Barry v Davies [2000]

Barry v Davies [2000]

Barry v Davies [2000] EWCA Civ 235, [2000] 1 WLR 1962 is a notable English contract law case that reinforces the principle that, in auctions without a reserve price, a collateral contract is formed between the auctioneer and the highest bidder. The case emphasises that the auctioneer's offer to sell without reserve creates a binding promise, and the bidder's acceptance forms a collateral contract.

Barry attended an auction at Davies' auction house and placed the only bid for two engine analysers at £200 each. The auction was conducted without a reserve price, and Davies stated that the items were to be sold that day. However, the auctioneer later refused to sell the machines, considering the bid too low. Barry sued Davies, claiming £27,600 for the cost of his bids and the price he would likely pay to purchase similar machines elsewhere.

The Court of Appeal held that there was a binding promise from the auctioneer to the highest bidder. The auctioneer, by putting the property up for sale without reserve, pledged that the sale would be without reserve. The collateral contract was formed when the bid was made, and the auctioneer accepted it.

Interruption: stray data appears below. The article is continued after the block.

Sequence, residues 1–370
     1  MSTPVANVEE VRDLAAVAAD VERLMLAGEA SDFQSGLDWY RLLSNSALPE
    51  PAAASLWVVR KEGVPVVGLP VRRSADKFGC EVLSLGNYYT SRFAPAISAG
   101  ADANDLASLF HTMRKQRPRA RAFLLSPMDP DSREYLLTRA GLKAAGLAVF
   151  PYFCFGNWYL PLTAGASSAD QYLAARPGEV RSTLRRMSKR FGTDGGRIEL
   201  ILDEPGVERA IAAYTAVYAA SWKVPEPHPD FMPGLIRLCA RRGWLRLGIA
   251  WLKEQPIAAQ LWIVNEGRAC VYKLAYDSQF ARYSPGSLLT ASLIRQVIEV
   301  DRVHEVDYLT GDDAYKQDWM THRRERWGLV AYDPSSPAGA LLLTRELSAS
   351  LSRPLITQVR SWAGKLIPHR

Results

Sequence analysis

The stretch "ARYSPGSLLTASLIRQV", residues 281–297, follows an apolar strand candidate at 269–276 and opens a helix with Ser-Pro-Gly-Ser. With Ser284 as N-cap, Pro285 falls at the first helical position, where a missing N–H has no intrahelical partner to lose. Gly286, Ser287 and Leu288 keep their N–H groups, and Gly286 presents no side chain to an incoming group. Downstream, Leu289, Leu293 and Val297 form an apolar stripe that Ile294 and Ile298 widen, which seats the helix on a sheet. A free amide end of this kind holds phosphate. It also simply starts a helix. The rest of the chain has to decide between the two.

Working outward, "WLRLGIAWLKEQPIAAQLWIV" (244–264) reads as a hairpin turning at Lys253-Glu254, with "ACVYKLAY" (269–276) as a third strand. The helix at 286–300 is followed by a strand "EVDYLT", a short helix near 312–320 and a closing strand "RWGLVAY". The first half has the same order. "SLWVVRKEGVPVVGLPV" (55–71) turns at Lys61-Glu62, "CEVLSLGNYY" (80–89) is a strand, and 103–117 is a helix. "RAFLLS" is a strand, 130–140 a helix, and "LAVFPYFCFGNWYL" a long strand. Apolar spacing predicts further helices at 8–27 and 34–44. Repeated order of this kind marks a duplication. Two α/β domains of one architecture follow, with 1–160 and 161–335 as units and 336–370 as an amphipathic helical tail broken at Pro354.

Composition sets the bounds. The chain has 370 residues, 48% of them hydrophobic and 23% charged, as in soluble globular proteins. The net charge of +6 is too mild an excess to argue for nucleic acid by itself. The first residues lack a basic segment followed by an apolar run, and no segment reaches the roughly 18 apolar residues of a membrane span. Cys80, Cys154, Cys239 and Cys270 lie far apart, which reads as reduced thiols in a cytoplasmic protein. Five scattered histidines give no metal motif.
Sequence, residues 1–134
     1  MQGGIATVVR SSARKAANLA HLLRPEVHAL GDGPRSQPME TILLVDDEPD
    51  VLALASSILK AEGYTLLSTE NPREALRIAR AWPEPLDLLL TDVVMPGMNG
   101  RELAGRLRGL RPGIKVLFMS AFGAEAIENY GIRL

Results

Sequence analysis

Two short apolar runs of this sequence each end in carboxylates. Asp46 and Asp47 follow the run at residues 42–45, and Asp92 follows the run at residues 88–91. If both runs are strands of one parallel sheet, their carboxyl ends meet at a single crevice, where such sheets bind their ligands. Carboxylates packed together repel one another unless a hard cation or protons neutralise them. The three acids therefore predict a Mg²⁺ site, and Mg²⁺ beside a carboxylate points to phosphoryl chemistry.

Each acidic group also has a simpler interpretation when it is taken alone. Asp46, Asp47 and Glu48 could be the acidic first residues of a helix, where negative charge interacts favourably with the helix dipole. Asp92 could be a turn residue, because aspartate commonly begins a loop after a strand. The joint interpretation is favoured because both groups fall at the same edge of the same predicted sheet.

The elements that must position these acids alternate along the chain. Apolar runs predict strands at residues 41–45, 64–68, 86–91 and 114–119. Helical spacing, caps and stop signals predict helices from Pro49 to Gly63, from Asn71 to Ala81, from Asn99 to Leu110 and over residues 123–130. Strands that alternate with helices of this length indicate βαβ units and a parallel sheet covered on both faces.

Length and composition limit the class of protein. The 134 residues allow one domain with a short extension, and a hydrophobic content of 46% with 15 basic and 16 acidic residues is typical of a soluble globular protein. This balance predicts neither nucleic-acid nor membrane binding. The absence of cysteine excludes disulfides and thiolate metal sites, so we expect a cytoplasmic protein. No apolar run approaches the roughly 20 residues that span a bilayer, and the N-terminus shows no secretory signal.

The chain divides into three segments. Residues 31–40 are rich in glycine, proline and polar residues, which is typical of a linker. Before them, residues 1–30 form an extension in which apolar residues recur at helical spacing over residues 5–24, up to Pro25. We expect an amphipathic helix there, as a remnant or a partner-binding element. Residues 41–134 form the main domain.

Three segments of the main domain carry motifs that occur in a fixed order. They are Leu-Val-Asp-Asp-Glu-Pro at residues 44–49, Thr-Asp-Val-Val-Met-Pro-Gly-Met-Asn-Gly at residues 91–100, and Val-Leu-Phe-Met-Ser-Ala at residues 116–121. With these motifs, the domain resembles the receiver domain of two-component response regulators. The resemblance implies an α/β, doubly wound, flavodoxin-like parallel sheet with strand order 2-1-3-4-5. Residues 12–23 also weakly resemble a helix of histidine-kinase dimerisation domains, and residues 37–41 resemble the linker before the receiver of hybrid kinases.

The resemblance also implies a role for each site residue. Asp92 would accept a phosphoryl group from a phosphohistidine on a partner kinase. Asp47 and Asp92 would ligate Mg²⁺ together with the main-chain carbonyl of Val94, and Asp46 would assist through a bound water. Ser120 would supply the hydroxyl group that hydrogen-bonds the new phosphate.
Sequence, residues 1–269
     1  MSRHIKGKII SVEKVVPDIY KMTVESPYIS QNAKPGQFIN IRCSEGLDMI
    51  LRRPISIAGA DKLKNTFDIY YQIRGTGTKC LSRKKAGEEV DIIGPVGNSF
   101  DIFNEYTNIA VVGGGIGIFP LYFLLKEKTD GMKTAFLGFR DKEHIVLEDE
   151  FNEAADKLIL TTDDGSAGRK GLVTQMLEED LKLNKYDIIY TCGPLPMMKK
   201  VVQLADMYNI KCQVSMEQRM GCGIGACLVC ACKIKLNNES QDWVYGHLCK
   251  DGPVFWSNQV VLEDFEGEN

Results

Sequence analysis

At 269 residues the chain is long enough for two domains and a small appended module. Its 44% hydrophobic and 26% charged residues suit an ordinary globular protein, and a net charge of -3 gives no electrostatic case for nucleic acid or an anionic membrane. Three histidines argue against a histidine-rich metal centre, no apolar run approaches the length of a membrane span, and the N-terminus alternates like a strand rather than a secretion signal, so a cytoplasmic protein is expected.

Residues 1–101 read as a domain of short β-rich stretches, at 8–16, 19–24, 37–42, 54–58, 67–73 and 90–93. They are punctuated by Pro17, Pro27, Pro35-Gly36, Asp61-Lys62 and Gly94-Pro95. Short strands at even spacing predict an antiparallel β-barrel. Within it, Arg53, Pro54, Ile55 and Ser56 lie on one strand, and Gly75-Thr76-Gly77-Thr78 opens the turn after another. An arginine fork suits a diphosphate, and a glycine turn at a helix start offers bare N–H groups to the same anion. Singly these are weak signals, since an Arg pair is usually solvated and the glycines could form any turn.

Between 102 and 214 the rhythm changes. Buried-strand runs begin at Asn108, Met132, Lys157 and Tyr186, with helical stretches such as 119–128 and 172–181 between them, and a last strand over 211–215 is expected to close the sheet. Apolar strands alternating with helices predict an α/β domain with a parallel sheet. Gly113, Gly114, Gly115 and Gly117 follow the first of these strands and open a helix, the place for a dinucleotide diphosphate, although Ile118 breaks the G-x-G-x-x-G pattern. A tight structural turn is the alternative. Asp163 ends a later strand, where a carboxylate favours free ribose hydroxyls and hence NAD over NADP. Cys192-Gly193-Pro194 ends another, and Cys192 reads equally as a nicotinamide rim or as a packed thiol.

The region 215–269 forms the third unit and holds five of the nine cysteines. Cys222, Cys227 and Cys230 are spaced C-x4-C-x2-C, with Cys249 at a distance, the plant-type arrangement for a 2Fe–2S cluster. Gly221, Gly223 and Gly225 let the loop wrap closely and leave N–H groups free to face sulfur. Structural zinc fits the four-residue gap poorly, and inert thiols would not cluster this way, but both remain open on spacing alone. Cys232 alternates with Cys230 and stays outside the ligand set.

The court acknowledged that, upon conclusion of the sale, the contract is between the purchaser and the vendor, not the auctioneer. However, the auctioneer acts as an agent in the sale. The absence of a collateral contract between the vendor and purchaser does not negate the existence of a collateral agreement between the auctioneer and the bidder.

The court found consideration in the form of detriment to the bidder (the bid could be accepted until withdrawn) and benefit to the auctioneer (bidding is driven up). Additionally, the attendance at the sale is likely to increase if it is known that there is no reserve.

The court pointed out that the measure of damages for the wrongful refusal to deliver goods should be determined by the difference between the contract price and the market or current price of the goods, especially when there is a market for the goods. The damages awarded in the case, though seemingly harsh, align with the principle of compensating the buyer for the seller's wrongful refusal to deliver goods, placing the buyer in the position they would have been had the contract been performed.

This case underscores the enforceability of collateral contracts in auction settings without a reserve price, recognising the promises made by auctioneers to bidders and the legal consequences of breaching those promises.
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